Get ready to see a whole lot more ballot measures to protect abortion rights.
Last week’s midterms were a resounding victory for abortion everywhere it was on the ballot. Voters enshrined abortion rights into the state Constitution in Vermont, California, and Michigan and defeated anti-abortion measures in the red states of Montana and Kentucky. Across the country, Democrats did better than expected, fending off the “red wave” that pundits had predicted and holding control of the Senate even as they lost control of the House. Democrats appear to have ridden to these better-than-expected results at least in part on the coattails of abortion rights—benefiting from a wave of collective outrage over the Supreme Court’s decision to overturn Roe v. Wade in June. In Michigan, where abortion rights were under direct threat because of a 1931 abortion ban, Democrats won both chambers of the state legislature and the governor’s office for the first time in almost 40 years.
The polls were wrong, anti-abortion leaders are really mad, and pundits are expressing a level of shock they hadn’t experienced since Trump’s 2016 victory. It feels like the only people not surprised are abortion rights activists who saw the wave of outrage coming.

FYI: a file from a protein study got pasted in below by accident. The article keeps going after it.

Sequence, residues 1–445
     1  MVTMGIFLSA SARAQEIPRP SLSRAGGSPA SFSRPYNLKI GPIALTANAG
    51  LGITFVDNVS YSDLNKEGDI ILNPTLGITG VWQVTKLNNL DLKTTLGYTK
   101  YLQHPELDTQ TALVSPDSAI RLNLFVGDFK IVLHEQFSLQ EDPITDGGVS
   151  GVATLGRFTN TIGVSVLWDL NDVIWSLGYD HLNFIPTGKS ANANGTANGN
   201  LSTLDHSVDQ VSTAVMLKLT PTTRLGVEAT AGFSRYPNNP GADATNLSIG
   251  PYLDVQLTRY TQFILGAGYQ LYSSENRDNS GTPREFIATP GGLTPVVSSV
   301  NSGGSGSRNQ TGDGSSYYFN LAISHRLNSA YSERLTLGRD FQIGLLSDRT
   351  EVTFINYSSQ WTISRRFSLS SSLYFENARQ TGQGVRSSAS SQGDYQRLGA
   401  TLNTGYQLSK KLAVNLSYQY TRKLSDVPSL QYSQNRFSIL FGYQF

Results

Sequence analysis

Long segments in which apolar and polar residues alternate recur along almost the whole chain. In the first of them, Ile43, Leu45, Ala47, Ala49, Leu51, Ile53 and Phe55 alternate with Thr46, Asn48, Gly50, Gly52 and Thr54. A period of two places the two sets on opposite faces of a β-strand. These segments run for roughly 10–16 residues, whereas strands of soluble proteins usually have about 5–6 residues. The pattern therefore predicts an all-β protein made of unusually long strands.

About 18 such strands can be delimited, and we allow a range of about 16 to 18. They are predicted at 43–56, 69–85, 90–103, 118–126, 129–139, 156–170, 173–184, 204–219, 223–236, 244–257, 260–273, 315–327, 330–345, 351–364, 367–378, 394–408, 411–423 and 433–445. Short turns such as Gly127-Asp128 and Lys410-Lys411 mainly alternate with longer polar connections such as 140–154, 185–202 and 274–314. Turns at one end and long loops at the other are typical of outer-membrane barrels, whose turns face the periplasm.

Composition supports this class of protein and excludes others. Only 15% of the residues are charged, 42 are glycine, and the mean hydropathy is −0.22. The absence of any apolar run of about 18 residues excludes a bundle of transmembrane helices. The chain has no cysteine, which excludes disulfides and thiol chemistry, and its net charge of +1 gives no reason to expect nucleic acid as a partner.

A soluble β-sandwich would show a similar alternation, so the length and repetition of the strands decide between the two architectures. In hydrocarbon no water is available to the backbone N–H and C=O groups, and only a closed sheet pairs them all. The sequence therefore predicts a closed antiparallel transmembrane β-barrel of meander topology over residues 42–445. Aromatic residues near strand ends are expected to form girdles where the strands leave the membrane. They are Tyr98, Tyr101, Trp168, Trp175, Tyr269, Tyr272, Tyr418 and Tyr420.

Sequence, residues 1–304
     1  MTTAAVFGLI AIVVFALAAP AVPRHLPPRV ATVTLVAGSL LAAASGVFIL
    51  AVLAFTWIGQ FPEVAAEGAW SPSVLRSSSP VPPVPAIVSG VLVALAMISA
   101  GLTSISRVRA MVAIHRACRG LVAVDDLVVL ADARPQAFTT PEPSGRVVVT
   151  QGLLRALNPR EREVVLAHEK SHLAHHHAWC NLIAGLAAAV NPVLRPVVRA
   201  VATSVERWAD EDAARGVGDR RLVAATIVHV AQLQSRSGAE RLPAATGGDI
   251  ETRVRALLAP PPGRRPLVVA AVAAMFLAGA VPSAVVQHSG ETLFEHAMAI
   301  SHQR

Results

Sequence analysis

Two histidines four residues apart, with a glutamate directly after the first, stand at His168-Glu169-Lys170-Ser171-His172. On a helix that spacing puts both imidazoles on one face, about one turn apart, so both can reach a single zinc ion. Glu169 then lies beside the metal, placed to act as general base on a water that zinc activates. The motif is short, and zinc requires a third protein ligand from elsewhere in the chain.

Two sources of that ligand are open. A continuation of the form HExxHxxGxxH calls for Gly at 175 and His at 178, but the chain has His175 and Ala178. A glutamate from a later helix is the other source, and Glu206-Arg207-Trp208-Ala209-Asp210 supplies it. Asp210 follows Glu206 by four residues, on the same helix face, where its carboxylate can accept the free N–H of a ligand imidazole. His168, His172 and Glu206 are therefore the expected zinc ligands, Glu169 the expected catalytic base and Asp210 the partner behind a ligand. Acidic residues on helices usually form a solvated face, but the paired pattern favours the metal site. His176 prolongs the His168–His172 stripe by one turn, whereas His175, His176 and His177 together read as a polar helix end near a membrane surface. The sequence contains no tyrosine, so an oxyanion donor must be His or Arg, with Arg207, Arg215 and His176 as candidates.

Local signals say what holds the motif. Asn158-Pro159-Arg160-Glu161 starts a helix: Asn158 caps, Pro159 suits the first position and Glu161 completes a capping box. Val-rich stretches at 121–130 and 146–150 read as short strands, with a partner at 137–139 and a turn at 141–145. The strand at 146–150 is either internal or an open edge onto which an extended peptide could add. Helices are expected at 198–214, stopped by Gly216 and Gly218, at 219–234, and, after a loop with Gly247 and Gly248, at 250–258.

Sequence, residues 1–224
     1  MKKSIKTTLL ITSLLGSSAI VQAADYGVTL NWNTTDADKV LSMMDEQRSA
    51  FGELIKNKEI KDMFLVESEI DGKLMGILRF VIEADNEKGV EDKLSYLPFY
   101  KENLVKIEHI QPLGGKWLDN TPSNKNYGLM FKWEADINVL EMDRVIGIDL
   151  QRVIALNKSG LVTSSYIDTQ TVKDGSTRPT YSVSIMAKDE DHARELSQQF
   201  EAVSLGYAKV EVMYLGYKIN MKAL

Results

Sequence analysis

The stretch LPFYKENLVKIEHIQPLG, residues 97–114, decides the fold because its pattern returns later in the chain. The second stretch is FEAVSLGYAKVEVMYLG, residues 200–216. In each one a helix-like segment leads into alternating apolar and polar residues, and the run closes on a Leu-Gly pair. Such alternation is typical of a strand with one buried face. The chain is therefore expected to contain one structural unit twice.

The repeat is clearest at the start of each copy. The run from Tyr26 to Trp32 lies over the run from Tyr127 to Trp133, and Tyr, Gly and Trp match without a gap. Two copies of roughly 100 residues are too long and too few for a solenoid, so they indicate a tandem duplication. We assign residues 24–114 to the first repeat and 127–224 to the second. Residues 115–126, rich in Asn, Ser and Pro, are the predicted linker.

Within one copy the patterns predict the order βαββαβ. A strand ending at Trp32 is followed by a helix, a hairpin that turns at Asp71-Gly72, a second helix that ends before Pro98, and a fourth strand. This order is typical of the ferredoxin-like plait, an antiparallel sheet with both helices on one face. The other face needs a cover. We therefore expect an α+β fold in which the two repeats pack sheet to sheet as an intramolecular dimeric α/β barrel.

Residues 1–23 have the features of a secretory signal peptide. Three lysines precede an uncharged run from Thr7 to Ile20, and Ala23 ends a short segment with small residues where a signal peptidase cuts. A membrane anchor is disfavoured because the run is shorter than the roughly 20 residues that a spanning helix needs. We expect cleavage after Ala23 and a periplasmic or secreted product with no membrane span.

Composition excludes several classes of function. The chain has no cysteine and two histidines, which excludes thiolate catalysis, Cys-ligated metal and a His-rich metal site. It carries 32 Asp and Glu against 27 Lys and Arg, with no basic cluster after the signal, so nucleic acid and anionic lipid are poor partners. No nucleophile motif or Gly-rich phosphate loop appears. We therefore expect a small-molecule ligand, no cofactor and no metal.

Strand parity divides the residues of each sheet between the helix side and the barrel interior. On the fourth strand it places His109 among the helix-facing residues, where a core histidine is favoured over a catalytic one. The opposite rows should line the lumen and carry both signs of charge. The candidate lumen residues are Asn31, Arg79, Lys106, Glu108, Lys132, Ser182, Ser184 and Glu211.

“We knew that the overwhelming majority of folks in this country wanted abortion access to be protected,” Jennifer Driver, senior director of reproductive rights at the State Innovation Exchange, a strategy hub for progressive state lawmakers, told me.
What’s more, advocates like Driver understood what some Democrats did not: that abortion is connected in the minds of voters to important “kitchen table” issues like gas prices.
“When you talk about abortion, it is a democracy issue,” Driver said. “It is an economic issue. If you’re wanting to support working-class families, repro is the issue that you run on.”